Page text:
Publication: The Telegrapher
New York, NY, United States
The Right of Way for Telegraph Lines on
AN account was published in THE TELEGRAPHER of Oct. 21 of a temporary injunction obtained by the Atlantic and Pacific Telegraph Company, restraining the Western Union Telegraph Company and the Chicago, Rock Island and Pacific Railroad Company from interfering with the line of the plaintiff erected on the route of the railroad company. In order to settle the whole question of the right of a telegraph company, under what is termed the "National Telegraph Act" of 1866, to locate its poles and wires upon the route of a railroad company, which is also a post route, actions have been commenced to condemn the right of way for the lines of the Atlantic and Pacific Telegraph Company along the C., R. I., and P. R. R., and also along a part of the Kansas City, Council Bluffs and St. Joseph R. R.
On the morning of the 19th inst. the A. & P. Co. served notices on the first named road at Davenport, Iowa, and Pacific R. R. Company, that they would proceed to condemn a right of way for their telegraph line along the railroad company's right of way, and the railroad company presented to Judge Hayes a bill for an injunction against the telegraph company to restrain such condemnation and to restrain the projected entry upon the right of way of the railroad. Judge Hayes granted the injunction. This week the Atlantic and Pacific Telegraph Company also condemned a right of way along a part of the Kansas City, Council Bluffs and St. Joseph Railroad in Pottawatamie county, and were proceeding to condemn a right of way in Fremont and Mills counties, Iowa. To-day application was made by that railroad company to Judge Reed, of the District Court for the Council Bluffs district, for an injunction, after notice to the telegraph company, to restrain further condemnation, and to restrain the telegraph company from using the ground already condemned, and after a hearing Judge Reed granted the injunction asked for.
On Saturday, the 21st inst., a petition was filed in the Circuit Court or Cook County, Illinois, at Chicago, by the Atlantic and Pacific Telegraph Company against the Chicago, Rock Island and Pacific Railroad asking to be allowed to construct a telegraph line along the railroad track. The company states that it owns and operates divers lines of telegraph in Illinois, also across Iowa and along the Union and Central Pacific railroads to San Francisco. That this line between Chicago and California is largely and continuously employed by the officers of the United States in postal and military business of the government and by private business to such an extent, in fact, that it is frequently beyond the capacity of the lines to adequately despatch all the business offered, and that in case of interruption all telegraphic intercourse would be delayed and impeded until it could be repaired. For such reasons the company is desirous to reconstruct the lines in Illinois and Iowa, and to increase its use by placing other poles and wires and replanting the poles now in use. The Chicago, Rock Island and Pacific Railroad Company now operates a line of road from Chicago to Rock Island, and owns a right of way between such termini 100 feet wide, through which the Western Union Telegraph Company has an easement along one side of the said right of way; that the other side is unoccupied, and would furnish a valuable route for the petitioner; that the railroad is, moreover, a post road of the United States by action of Congress, and the petitioner claims the right to be allowed to place poles along such road by virtue of its charter and the Act of Congress on paying due compensation therefor, even though the line would be in direct competition with its powerful rival, the Western Union Telegraph Company. The petitioning company therefore asks that it be allowed an easement on the extreme boundary of the railroad company's right of way along the entire line on paying whatever damages may be incurred by such easement.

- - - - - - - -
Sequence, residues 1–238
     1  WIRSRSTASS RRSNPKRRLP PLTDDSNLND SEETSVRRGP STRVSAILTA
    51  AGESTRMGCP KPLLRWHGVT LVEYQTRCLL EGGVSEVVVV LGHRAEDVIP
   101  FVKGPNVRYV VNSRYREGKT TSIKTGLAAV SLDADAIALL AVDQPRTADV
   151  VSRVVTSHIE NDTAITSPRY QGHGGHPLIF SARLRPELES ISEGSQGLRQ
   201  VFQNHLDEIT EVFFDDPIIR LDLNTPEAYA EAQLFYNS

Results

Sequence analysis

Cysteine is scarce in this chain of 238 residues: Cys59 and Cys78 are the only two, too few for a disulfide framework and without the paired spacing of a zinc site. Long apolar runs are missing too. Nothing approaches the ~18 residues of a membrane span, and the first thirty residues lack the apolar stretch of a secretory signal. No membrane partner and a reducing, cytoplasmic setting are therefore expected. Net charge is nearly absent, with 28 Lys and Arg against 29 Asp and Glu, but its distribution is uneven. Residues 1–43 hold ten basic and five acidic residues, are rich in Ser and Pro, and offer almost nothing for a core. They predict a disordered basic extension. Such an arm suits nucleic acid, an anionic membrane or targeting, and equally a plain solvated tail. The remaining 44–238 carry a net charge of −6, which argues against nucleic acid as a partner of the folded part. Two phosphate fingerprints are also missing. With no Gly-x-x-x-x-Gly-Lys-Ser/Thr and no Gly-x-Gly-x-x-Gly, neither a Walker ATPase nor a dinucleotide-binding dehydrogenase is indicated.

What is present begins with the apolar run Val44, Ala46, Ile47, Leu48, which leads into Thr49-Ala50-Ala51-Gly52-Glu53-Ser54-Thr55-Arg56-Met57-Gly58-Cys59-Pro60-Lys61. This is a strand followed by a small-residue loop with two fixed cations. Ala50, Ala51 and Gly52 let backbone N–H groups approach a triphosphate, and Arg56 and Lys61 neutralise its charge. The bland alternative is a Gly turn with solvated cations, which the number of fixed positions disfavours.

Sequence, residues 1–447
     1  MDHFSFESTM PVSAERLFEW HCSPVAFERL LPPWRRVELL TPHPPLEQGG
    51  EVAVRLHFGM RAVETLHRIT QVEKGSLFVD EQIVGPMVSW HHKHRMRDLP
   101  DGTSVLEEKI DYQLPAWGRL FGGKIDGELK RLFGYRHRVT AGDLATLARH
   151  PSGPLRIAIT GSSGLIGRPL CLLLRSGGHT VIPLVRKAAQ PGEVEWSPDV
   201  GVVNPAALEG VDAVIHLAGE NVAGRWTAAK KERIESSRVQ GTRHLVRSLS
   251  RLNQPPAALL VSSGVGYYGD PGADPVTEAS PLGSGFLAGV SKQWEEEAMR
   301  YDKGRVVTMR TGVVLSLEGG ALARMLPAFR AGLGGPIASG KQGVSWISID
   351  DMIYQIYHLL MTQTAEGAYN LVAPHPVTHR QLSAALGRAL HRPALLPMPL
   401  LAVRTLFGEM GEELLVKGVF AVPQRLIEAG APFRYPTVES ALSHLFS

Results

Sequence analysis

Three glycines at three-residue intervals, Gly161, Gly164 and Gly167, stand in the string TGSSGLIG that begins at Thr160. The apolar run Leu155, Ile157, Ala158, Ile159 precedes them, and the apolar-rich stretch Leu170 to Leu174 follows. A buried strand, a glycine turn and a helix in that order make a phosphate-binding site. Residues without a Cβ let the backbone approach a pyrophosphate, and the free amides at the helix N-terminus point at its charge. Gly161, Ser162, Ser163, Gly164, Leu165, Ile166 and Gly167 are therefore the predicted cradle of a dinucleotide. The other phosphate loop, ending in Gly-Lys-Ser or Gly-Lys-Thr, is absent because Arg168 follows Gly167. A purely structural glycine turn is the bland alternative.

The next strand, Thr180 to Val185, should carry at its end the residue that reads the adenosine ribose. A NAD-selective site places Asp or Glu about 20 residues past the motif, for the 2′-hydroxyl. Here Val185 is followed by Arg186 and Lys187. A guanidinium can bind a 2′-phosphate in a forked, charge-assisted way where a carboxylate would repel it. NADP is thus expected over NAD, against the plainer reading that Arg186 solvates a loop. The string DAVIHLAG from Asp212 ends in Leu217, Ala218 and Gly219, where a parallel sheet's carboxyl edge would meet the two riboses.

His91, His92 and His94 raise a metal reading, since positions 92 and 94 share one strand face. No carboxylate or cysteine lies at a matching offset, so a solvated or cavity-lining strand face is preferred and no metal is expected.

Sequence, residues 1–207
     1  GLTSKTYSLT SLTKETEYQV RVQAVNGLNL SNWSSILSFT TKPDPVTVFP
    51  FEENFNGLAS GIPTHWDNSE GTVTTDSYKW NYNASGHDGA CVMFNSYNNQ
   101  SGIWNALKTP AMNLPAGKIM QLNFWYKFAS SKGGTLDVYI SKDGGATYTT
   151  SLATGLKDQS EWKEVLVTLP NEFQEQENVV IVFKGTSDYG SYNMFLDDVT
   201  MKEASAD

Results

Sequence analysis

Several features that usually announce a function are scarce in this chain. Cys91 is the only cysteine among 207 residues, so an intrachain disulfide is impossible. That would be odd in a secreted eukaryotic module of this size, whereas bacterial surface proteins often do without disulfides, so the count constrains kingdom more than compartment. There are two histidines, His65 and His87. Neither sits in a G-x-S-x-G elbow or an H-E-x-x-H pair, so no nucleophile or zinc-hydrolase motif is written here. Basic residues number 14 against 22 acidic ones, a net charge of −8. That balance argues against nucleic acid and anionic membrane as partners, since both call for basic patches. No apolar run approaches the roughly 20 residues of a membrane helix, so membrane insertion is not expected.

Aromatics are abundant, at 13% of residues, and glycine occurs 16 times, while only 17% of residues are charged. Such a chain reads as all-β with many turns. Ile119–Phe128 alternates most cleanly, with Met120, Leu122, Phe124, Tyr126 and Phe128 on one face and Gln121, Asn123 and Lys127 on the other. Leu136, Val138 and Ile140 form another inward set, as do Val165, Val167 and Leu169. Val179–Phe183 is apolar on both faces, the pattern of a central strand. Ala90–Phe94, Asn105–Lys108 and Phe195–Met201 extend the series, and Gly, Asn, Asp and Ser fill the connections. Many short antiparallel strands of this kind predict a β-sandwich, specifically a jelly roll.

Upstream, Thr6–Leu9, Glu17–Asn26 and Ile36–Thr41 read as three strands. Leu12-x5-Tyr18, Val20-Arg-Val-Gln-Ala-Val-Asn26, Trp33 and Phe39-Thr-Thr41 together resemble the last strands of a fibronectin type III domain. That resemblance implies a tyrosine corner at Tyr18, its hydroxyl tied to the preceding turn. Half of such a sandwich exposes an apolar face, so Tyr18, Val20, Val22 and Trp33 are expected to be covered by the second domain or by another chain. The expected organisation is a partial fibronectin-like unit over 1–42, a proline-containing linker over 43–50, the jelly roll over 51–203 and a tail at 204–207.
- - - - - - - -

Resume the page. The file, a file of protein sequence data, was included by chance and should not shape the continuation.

An interesting legal question is presented in these proceedings, which, it is understood, the Atlantic and Pacific Company propose to have finally judicially settled as to the rights which telegraph companies have to locate lines upon railroad property or rights of way. This question should be decided, as until it is there will be constant troubles arising from the conflicting claims made by the different parties in interest. If it shall be found that railroads are subject to condemnation of their rights of way for telegraphic purposes, of course the exclusive contracts which have been entered into between railroad and telegraph companies are of no value, so far as they serve to exclude other companies from the joint use of the property.
|Date completed:||January 13, 2006 by: Elton Gish;|